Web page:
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Federal-State Marketing Improvement Program

Background

"Little more than a century ago, nearly half of all Americans farmed. Americans now get nearly a quarter of all their fruits and vegetables and more than half of all their seafood from foreign countries. A typical morsel of food journeys 1,400 miles before it reaches a mouth—50 times farther than it did 20 years ago—changing hands at least six times along the way."1

Beginning in the 1970s, but increasingly over the last ten to fifteen years, there has been a national movement toward eating locally, sustainably grown produce. Locally, sustainably grown produce results in several proven benefits: higher quality food, reduced energy consumption, and a positive economic impact. Georgia has made a firm commitment to economic development in its rural areas through the One Georgia concept and the Georgia Grown initiative. Increasing the state’s supply and distribution of its local food is directly consistent with this commitment.

Georgia, and other southeastern states, is home to a high number of these food deserts—urban areas that are not reached in the distribution chain for fresh, locally grown produce. There are vital, untapped areas where consumers would readily buy locally grown, if only the opportunity was available.

Agriculture, Georgia’s oldest and largest industry, contributes more than $65 billion annually to Georgia’s $785.5 billion economy.2 One in seven Georgians works in agriculture, forestry, or related fields. Georgia is perennially the number one state in the nation in the production of peanuts, pecans, and watermelons. The state is also a top producer of cotton, peaches, eggs, tomatoes, onions, melons, cabbage, and blueberries. From a cultural perspective, farming is a source of pride throughout the state. Farmers utilize modern conservation and best production practices to protect the environment and grow safer, healthier crops.

Georgia is unique in that it owns and operates several farmers markets throughout the state. Indeed, the Atlanta Farmers Market serves as a distribution hub for produce throughoutGeorgia and the southeastern U.S. Only a few states have state-run farmers markets, and both producers and consumers benefit from this system. Under state controlled operations, farmers enjoy fewer barriers to entry than they would experience with a private market. The state-run markets provide a forum for farmers to sell their produce directly to the consumer. In addition to the network of state owned and operated farmers markets, Georgia benefits from permanent non-profit markets and seasonal non-profit markets in the state.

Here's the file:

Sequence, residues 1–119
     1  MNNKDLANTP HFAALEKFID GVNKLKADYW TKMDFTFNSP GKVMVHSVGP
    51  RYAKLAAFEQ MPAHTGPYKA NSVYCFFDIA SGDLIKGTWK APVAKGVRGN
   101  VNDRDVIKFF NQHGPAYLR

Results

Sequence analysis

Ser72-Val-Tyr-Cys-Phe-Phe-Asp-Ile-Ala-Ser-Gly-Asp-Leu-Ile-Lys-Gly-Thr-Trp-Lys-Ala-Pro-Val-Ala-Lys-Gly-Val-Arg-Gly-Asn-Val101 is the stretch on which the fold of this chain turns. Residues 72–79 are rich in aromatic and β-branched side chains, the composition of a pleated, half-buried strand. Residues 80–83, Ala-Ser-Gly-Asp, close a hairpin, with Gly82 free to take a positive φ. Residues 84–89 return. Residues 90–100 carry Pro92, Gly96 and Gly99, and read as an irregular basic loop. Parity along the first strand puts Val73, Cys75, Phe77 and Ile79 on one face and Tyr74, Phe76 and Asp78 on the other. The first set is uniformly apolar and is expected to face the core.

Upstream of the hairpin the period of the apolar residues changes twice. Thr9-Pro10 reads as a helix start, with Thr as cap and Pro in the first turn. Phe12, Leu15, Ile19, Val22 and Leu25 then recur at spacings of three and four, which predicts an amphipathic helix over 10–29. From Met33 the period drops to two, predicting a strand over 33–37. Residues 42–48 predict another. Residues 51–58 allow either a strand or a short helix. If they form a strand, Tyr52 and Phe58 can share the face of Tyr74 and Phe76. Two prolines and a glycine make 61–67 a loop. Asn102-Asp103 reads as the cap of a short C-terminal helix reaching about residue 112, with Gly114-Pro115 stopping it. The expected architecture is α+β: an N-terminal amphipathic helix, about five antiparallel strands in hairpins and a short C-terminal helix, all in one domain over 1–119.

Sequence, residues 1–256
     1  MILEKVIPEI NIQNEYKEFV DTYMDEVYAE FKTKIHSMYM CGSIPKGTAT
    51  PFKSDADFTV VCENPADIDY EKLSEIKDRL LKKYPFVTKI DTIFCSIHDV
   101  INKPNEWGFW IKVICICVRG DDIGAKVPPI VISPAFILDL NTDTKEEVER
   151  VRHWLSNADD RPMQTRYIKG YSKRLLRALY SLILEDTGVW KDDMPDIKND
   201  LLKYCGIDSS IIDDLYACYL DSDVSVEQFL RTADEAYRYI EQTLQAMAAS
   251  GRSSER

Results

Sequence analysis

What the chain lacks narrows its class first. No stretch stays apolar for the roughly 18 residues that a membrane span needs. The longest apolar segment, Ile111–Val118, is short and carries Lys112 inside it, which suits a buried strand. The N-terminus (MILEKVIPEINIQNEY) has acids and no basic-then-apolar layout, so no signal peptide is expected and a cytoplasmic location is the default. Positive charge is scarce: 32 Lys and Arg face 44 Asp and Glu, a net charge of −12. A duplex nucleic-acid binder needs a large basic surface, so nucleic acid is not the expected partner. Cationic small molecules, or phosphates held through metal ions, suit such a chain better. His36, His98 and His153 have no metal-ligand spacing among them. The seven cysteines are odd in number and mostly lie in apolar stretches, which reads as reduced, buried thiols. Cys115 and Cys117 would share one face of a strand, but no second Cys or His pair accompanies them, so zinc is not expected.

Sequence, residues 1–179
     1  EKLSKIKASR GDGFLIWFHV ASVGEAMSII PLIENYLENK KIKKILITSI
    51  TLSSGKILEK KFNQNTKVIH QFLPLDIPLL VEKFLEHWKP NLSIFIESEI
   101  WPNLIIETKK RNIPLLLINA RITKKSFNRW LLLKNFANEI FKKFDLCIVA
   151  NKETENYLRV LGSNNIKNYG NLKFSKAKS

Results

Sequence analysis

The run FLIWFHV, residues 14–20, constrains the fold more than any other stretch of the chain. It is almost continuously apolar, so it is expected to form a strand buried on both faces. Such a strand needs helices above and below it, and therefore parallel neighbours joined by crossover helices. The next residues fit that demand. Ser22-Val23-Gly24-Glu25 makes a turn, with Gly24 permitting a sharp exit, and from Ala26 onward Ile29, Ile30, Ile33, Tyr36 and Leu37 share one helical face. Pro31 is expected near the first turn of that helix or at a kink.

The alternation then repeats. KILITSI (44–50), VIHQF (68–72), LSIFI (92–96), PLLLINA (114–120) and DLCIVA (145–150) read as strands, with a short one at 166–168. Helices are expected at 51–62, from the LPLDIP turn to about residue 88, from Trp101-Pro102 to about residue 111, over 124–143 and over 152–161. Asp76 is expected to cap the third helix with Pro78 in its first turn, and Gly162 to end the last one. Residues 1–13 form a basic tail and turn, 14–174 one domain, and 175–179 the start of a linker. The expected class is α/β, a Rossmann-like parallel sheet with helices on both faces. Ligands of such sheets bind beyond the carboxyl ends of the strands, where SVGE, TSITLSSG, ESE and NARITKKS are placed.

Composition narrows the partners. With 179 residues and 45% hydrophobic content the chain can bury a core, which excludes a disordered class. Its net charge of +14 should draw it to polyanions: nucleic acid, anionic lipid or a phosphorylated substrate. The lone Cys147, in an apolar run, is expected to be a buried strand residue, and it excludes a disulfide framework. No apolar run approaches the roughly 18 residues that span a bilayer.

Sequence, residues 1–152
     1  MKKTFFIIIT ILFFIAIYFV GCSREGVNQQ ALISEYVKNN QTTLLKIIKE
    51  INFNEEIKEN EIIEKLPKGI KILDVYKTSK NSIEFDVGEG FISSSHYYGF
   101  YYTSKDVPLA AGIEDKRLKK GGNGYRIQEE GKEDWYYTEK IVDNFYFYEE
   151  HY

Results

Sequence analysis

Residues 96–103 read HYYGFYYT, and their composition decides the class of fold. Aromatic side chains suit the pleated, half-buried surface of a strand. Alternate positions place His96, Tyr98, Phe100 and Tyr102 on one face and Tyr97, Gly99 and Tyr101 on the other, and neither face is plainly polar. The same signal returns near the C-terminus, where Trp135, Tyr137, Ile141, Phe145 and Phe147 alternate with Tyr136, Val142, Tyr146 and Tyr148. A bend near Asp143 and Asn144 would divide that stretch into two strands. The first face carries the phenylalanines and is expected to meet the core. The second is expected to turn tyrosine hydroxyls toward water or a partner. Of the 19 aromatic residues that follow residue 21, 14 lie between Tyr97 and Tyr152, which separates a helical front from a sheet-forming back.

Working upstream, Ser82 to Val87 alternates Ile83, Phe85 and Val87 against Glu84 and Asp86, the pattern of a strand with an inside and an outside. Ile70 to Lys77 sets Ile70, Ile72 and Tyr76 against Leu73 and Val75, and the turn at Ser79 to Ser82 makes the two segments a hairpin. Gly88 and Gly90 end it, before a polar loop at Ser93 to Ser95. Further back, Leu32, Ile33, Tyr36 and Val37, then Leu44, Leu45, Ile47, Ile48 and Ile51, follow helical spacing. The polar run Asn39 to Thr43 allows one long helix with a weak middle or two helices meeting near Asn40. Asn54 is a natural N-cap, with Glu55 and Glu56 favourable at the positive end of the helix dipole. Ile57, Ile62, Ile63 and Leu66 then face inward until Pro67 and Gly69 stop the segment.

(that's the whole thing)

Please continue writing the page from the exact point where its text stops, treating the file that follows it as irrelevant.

The Georgia Department of Agriculture conducted a preliminary assessment of the supply dynamics and concluded that farmers markets would be an excellent network for the distribution of locally grown products. State farmers markets were established in the 1960s. Buyers valued the opportunity to purchase directly from the farmer who grew the produce. However, the shift from a community-based to commodity-based market eroded this local relationship. Farmers’ stalls remain empty in many markets, leaving bulk buyers and wholesalers as the dominant presence. Nevertheless, the markets’ locations and infrastructure may provide opportunity to utilize these markets to address the renewed interest in the distribution and supply of locally grown produce within Georgia.

For Georgia, the ability to supply locally grown produce through the statewide network of farmers markets is dependent upon identifying and addressing the constraints while seizing opportunities to exhibit the benefits of utilizing these venues.

Goals and Objectives

Elements of the Georgia Department of Agriculture’s vision include the following goals:

  • Increase the economic vitality of Georgia
  • Improve the health of Georgia residents
  • Create a sustainable agriculture system in Georgia
  • Build a bridge between urban and rural populations of Georgia.


Accordingly, the Department’s Markets Division has adopted these priorities:

  • Increase utilization of the State Farmers’ Market, as well as non-profit and community farmers’ markets to increase the sale of locally grown produce
  • Increase the availability of healthy food to Georgia’s populations
  • Implement new marketing and distribution strategies for locally grown produce


Using these state goals and priorities as a basis, the project is designed to achieve the following objectives:

  • Identify opportunities and constraints to the supply and distribution of locally grown produce
  • Create a distribution model that utilizes the network of farmers’ markets to increase the sale of locally grown produce
  • Disseminate project findings and outcomes to key stakeholders throughout Georgia and other states